February 6, 2004
By Mike Barnett
Get ready for Senate Bill 3.
That's the warning issued by Texas Farm Bureau State Legislative Director Billy Howe to TFB leaders from across the state at the recent Leadership Conference in College Station.
"In 1997 we had Senate Bill 1, the first big piece of water legislation. 2001 we had Senate Bill 2. And the way it's shaping up in the Texas Senate, it looks like Senate Bill 3 may be on the horizon in 2005," Howe said.
Lt. Gov. David Dewhurst has appointed a special Select Committee on Water Policy composed of 10 members of the Senate representing every geographic area of the state.
"I'm concerned that we need to go back and take a look at water and work with agriculture, work with all the groups to make sure we've got it right," Dewhurst said at the conference. "That's one of the reasons I recently formed the Senate Select Committee on Water Policy, to identify solutions for securing and distributing our water as we go into this new century. It's clear to me that as we look at the water supply, we have a critical need in agriculture and our cities. We've got to make sure everybody's protected."
Howe said the Select Committee has their work cut out for them, and that "second look" could have some implications for farmers and ranchers.
One item of concern to Farm Bureau is interbasin transfers, and a possible attempt to repeal the junior water rights provision. The junior water rights provision on surface water refers to the priority of where the water comes from over to where the water's going, "so that people back home always have water versus the folks that are coming into that river basin and piping that water out across the state of Texas," Howe said.
Opponents of the junior water rights provision say it prevents them from moving water in the state to where it's needed most.
"So there's always going to be attacks on that provision and this next session is going to be no different," Howe noted.
He feels groundwater will once again be the most hotly debated issue.
"Many of you have probably seen the editorials in the paper attacking the rule of capture, saying, `This is the 100-year anniversary of rule of capture. It's arcane, it's outdated, it needs to go,'" Howe said. "Farm Bureau says we don't think that's the case. We say what you need is a groundwater conservation district if you don't want rule of capture."
Most of the water-related problems have cropped up with the recent controversies over water marketing in Texas, Howe said, noting attempts by T. Boone Pickens to market West Texas water, the State of Texas looking at leasing groundwater rights on state land, and fights between landowners over who is going to market the most water to San Antonio.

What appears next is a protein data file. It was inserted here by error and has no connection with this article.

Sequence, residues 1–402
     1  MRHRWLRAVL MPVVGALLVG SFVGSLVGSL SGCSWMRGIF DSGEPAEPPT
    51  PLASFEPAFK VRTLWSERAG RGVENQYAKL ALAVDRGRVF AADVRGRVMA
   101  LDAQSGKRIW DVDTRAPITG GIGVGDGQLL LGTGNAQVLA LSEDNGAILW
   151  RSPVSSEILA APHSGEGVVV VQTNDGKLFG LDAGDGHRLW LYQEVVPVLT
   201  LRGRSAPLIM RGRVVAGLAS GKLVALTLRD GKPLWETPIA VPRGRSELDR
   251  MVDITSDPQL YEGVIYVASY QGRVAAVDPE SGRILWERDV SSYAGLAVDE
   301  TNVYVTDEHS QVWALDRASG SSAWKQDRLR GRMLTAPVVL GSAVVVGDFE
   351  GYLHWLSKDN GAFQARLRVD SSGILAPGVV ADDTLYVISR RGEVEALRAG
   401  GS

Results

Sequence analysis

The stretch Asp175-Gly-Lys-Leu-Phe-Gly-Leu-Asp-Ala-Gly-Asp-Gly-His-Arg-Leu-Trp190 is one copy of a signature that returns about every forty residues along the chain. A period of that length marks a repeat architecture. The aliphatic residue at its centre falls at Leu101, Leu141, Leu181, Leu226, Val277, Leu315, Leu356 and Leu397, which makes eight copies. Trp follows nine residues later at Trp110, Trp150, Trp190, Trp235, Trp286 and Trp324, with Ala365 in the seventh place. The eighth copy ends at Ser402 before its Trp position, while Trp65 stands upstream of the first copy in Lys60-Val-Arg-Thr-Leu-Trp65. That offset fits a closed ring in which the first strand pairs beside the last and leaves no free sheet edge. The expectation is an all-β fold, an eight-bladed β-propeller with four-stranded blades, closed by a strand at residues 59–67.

"There are some doubts about whether or not groundwater conservation districts can handle these controversial issues in a fair way," Howe related. "So the legislature may look at trying to do something with these groundwater districts, and we have to make sure that these districts remain locally controlled entities that look out for that local community."
Another issue: a joint interim study on instream flows that has the potential to leave some producers high and dry. Howe said some "experts" say there are no provisions in Texas law that ensures enough water stays in Texas rivers and streams to protect the environment and wildlife in estuaries and bays.
"That's going to be a challenge for us, particularly in those river basins where they say our rivers are over-appropriated," Howe said. "In these over-appropriated streams, if all the water's permitted out, then that means somebody's got to give some back. Are they going to take it? Are they going to fight? How are they going to do that?"
In another water-related area, a Water Conservation Task Force (TFB President Kenneth Dierschke is a member) is currently looking at a water conservation plan for Texas, which Howe said could be good for agriculture.
"If we can get the cities to conserve water, then maybe they don't need to build a reservoir," he stated. "Maybe they don't need to come and lease groundwater rights and come and pump the groundwater out of rural areas into the urban areas if they use their water wisely.
"And I think the largest focus on water conservation is going to be on the cities and what they can do to reduce their consumption of water."
Still, even here is a hint of danger for agriculture, which uses more ground and surface water than all Texas cities put together.
"So we have to make sure they're not going to try to come in and get the legislation to mandate conservation practices in Texas," Howe said.